Dignity is every human’s birthright.
Of course we all know that monarchies on the whole are not as powerful as they used to be, so it might be a good time to recruit them towards this project of real dignity for all. Today the oligarchs of silicon landscapes, the tyrannical communist and nationalist leaders, the would-be potentates equate their power to that of a king. Their imaginings of billions for me and a lifetime of toil for you must be stopped in its mythical tracks for any change in the practical. It must also come to us peasants: we must no longer believe in our benign leaders. We must not believe in the billionaire who says he cares while his life depends on an updated feudal code.
We need to reimagine nobility for the sake of extending dignity to all humans and to the world we inhabit. We must look at each plot where a person stands or sleeps as a throne, and treat that throne with dignity. Today’s invocation of royalty must turn us away from opulence and ceremonial kisses on rings; towards people, actions, of gestures that change lives for the better. We need a royal notion that makes nobility less about money and power and more about respecting this Earth for its own dignity and for its own closeness to God.
We kind of know this already here in the peasant seats, but we really need to get the message out to these suffering old-royal families and to those who think themselves royal by virtue of their yachts. We really need to get those with these awesome lives and educations to get down here in the trenches with us so they can put their mythic status to practical use. We need to really re-invent their old “noblesse oblige” and see how it relates to our own peasant codes of dignity and doing right by our families and neighbors.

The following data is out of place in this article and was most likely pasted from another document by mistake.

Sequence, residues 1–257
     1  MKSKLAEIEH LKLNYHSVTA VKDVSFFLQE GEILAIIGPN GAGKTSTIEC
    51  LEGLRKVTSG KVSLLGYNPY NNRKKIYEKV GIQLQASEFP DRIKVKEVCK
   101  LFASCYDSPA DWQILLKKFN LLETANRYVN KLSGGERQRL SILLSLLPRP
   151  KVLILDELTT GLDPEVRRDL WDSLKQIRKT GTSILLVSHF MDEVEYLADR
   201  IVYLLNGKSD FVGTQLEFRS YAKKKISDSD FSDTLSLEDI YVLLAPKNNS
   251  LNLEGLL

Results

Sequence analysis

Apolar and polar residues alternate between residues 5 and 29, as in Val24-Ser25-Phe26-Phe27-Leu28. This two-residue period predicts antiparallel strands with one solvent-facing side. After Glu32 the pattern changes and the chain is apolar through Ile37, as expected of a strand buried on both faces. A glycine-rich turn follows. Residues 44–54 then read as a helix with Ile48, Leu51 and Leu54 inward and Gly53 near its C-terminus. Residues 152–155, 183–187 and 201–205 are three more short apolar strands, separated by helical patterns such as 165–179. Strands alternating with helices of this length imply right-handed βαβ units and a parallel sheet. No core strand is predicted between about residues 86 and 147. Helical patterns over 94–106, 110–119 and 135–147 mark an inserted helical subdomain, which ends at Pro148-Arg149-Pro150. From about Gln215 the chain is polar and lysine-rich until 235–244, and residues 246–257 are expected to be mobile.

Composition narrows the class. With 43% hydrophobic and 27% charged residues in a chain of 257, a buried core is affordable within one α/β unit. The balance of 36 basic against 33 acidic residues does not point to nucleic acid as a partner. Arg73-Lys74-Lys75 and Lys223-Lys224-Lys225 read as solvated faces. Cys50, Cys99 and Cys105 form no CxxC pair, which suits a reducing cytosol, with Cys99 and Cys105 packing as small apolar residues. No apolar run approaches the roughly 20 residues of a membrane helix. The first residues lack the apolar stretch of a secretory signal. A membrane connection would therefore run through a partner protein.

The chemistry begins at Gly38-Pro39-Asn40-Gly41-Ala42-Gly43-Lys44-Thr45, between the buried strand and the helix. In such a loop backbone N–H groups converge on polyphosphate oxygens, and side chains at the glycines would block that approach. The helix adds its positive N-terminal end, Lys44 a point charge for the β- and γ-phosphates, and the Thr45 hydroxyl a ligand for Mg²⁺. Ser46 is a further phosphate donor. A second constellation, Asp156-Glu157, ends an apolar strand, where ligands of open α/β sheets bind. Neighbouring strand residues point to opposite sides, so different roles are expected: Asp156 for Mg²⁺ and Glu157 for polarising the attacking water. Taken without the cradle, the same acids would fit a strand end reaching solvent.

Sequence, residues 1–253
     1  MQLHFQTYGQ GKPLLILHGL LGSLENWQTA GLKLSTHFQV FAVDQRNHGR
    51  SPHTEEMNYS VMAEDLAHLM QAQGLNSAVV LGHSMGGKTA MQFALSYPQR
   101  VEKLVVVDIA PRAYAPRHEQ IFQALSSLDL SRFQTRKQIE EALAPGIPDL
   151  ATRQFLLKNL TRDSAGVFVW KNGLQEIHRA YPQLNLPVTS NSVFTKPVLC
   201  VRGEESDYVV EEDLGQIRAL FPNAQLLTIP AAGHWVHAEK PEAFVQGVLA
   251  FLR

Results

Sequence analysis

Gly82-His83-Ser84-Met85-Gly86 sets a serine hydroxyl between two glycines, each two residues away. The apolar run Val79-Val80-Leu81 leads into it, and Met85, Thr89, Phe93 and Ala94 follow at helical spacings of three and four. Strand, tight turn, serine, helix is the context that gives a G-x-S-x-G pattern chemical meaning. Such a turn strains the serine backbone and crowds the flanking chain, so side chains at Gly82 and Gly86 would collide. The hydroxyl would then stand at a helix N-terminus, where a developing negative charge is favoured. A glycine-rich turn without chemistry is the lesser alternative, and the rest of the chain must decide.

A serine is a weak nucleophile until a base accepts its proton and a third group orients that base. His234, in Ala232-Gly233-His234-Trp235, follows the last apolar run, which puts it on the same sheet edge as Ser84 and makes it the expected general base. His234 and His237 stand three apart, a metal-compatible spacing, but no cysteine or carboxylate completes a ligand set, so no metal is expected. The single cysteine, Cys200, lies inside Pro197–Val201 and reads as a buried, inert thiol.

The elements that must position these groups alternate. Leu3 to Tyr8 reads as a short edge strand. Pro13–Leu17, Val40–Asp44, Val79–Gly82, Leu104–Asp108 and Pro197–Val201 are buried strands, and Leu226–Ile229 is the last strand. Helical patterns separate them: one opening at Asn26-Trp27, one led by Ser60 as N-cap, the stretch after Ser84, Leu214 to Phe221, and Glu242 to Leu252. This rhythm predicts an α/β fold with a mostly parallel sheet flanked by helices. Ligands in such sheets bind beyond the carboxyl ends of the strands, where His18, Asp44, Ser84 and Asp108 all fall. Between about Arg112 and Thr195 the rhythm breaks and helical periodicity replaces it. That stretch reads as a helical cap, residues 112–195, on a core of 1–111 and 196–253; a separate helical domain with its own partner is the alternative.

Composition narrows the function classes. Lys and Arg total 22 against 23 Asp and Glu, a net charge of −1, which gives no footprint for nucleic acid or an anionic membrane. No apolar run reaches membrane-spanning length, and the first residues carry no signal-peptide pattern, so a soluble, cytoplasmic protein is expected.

Today nobody knows where a princess is being hidden, dead or alive, but with her smartphone she gave the world a clue. Still she is not the focus of our news feeds because her reality is too revealing of what is truly happening in the world today. Princess Latifa’s harsh reality of prison and torture at her father’s hands is not ideal for clickbait. Instead we are offered a couple upon which to drool for their rightful yet still very tame and manageable anger. We can focus on the princess alone or on the lovely couple, but we must remember that what we are doing is looking at the end of an era. The sun kings and their families are not our future, not even when they pop a fresh face onto their lineage. As the technology of our lives changes so does everything else.
No one is closer to God because of land ownership. No one is closer to God because of their skin color, height, creed or gender. No one is closer to God than the next person simply by virtue of inheritance whether it is of titles or of plain old money. No one is closer to God because of anything on the outside. True nobility is an inside job.
Good luck to all the royals facing down the truth of their lineages and to all of us peasants waking up to ours. Good luck to those who live and die hidden in silence, whether they be princesses, peasants or something yet to be known.